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The Birth of a Farmer

It’s easy to categorize agricultural producers into one space, especially if you don’t know much about the field of work. The stereotypical vision of a farmer comes with a tractor, truck, corn and cows. It’s okay, we’ve all heard ‘farmer’ and had that image flash in our minds. It’s not incorrect. The truth just goes much deeper than that.

10 years ago, I didn’t know any better. More and more diverse peoples are being accepted into this industry and barriers to producing enough food for the world have been broken. There is an increasing need for caretakers of this land and its people. Whether you were born into a centennial farm, grew up to have a green thumb or have discovered you can make a community change with just a seed...you are welcomed and needed.

For some, farming is deeply ingrained in their heritage. My husband is a 7th generation farmer. When most kids spent their entire lives exploring and changing their career paths with the seasons, he had already begun the lifelong journey of a farmer. From riding in a tractor’s buddy seat to birthing cattle and lambs before the age of 10, he experienced life’s most dear and difficult lessons. Not every child born into a farm family wants to remain on the farm but it’s often a passion they, like my husband, choose to follow.

These farmers are important. They represent a traditional art and science that most people won’t ever have the privilege to truly understand. There’s something to be said for those that tend to the land in acres and not hours and those whose lives will forever serve the livestock that provides us so much.


Others find their way to farming because of family, significant others or because they have an interest in growing their own food. Many times, this process starts as a hobby farm dabbling in a little of everything - gardening, flowers, egg production, raising livestock, etc. This also leads the producer into realizing that there is a business opportunity in their backyard. I fall into this category. Even though my husband operates a large-scale crop farm and I’ve learned beside him, I became interested in what I could produce in our own few acres at home.

These farmers are important. Their desire to learn more about every aspect of farming (small or large scale) is contagious. They generate excitement and bring people onto their farms who may not have had another opportunity to learn about the lifestyle, they raise children around plants and animals and offer a personal experience to consumers. Hobby farms, business or not, give way to the freedom of farming and specializing in your needs.

Urban farming is growing in popularity as people recognize the need for fresh produce both for themselves and their community. ‘Support your local farmer’ has never been a more relevant saying - consumers enjoy supporting people they know. In Genesee County we are lucky to witness a thriving urban agriculture system. Open lots are being turned in to gardens, high tunnels are being constructed, educational organizations are forming, more people are becoming involved with local farmers’ markets and more people are connecting with their food.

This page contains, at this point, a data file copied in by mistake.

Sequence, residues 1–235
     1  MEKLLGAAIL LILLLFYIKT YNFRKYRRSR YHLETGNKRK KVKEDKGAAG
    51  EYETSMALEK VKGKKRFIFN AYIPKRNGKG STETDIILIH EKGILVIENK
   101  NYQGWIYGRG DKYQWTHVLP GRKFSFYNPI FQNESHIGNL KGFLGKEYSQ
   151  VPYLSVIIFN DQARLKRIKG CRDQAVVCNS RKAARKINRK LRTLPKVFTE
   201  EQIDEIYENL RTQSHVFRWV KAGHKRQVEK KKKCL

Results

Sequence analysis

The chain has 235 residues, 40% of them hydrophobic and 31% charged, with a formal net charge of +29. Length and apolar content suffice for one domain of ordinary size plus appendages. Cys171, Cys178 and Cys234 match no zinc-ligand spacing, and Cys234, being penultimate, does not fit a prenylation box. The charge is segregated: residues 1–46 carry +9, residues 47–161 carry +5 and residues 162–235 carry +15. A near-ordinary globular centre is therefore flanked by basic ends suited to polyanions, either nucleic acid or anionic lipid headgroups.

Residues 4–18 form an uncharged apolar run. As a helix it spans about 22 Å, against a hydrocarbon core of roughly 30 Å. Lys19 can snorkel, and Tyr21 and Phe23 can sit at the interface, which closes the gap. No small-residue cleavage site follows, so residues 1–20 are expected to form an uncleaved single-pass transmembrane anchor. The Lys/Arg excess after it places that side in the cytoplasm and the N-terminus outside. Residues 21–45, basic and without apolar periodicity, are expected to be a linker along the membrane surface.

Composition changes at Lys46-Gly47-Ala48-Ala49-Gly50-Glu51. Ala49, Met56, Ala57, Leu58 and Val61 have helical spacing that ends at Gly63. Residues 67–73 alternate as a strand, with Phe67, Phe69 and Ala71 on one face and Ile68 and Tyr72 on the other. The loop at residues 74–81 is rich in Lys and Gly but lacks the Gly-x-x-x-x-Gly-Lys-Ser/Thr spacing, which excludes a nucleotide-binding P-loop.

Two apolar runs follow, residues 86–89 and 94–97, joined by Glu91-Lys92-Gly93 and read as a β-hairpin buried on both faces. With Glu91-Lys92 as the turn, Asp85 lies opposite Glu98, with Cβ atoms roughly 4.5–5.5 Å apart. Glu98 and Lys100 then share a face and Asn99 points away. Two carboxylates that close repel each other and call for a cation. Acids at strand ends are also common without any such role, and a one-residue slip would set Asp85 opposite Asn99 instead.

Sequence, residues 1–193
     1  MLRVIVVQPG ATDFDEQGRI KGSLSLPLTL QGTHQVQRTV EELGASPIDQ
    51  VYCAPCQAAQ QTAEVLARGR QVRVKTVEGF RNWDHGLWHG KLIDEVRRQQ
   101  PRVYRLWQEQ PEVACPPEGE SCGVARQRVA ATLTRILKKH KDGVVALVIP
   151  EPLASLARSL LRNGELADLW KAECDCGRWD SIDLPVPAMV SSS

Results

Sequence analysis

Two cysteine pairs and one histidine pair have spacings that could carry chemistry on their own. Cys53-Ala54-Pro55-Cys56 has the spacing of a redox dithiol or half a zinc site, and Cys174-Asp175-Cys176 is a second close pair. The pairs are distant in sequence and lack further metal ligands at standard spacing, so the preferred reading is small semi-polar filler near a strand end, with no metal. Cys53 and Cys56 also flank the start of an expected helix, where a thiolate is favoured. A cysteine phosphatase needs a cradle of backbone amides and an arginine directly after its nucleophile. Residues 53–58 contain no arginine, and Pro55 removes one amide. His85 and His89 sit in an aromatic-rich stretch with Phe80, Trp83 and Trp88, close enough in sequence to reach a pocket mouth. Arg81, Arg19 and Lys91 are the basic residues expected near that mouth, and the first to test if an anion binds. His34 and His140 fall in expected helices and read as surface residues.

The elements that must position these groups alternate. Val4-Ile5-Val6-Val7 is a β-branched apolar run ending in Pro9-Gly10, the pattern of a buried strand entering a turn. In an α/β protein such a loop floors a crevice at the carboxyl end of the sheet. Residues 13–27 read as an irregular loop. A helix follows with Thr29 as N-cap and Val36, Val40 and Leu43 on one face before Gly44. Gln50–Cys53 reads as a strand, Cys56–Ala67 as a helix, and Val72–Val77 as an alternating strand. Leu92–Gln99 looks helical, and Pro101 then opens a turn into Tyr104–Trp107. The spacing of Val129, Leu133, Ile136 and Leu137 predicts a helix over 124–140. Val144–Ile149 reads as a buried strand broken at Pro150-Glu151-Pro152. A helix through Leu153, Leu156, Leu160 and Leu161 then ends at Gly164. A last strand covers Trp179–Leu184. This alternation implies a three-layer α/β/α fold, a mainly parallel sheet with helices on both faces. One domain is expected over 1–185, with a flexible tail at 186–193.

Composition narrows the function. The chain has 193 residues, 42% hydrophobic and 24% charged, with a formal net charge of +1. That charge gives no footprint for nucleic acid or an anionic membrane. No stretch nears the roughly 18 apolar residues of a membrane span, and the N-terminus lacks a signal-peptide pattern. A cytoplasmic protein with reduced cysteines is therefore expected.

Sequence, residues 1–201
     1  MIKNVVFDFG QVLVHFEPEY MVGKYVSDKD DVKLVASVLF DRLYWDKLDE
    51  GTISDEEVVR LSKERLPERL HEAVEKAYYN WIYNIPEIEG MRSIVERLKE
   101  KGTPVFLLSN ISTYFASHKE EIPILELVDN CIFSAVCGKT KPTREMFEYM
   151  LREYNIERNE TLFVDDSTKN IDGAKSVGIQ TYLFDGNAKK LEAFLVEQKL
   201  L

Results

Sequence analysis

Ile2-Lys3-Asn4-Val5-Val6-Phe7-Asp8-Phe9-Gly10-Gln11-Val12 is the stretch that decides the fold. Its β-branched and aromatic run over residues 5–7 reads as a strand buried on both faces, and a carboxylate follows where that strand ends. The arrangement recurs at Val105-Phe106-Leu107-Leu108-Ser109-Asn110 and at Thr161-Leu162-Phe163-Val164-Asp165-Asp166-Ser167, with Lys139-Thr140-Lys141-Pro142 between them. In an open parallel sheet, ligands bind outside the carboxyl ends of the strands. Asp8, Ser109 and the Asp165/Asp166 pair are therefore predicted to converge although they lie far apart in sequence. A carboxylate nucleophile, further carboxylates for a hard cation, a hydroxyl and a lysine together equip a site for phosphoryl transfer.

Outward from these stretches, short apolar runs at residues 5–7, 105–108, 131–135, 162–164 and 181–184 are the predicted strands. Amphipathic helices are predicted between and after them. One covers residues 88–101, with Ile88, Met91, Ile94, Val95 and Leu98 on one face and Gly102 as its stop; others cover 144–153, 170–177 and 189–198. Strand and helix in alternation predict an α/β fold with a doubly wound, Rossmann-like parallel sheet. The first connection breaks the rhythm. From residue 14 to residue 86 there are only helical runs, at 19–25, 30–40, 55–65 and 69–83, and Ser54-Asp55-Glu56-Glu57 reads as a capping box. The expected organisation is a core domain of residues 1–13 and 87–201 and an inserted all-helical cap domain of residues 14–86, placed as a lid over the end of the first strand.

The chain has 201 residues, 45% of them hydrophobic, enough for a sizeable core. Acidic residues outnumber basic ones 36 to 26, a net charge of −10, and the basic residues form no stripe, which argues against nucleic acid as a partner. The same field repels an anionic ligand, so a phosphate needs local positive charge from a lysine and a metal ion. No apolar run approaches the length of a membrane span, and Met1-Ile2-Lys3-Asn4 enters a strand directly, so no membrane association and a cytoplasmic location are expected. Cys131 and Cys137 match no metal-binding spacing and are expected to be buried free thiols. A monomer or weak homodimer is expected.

These farmers are important. They create something rich and edible out of a landscape that wasn’t designed to grow. It takes creativity, patience and vision. They see the potential to meet essential needs in an unlikely space. Growing produce in urban areas also allows for educational opportunity and service. It does the soul good to get your hands dirty in the soil and see where your food comes from. Farms can not only teach children about the lifestyle but also inspire adults who have an interest in starting their own backyard gardens. The urban farm community has proven that you can do a lot of good in a little space.

However different these three farmer types may be, they are connected through the dedication to growing and caring for the living things that sustain us. We are all affected by the weather, the markets, the pain of failure and the joys of success. It takes every single one to meet the needs of this world, so keep forging a path, farmers. You will do one more thing that the world needs aside from growing things…you will give rise to the next generation of agricultural producers. Some of you may have your own and some will introduce someone to their life’s passion. Either way, the birth of a farmer is important.

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Board of Directors Meeting - November 11, 2020

  • Begins at 5:30 pm

  • Open to the public via Zoom by phone or online by following these instructions:

    • Join from PC, Mac, iOS or Android: https://msu.zoom.us/j/8109647531 

    • Or join by phone: +1 669 900 6833 or           +1 646 876 9923 US Toll                          Meeting ID: 810 964 7531

  • Following SB 1108 and the MI Open Meetings Act, Board meetings are being held remotely for public health due to the pandemic. The meeting agenda can be viewed here. Members of the public may contact Angela Warren with questions or concerns that need to be brought to the Board.

Genesee Conservation District

Office hours 8am-4:30pm

Monday-Friday

Closed federal holidays

Staff are working remotely at this time and may be contacted by email

Main: 1525 N. Elms Rd. 

Flint, MI 48532

Ph: 810.230.8766 x3

Urban: 336 W. First St.

Ste. 207

Flint, MI 48502

Ph: 810.820.2681

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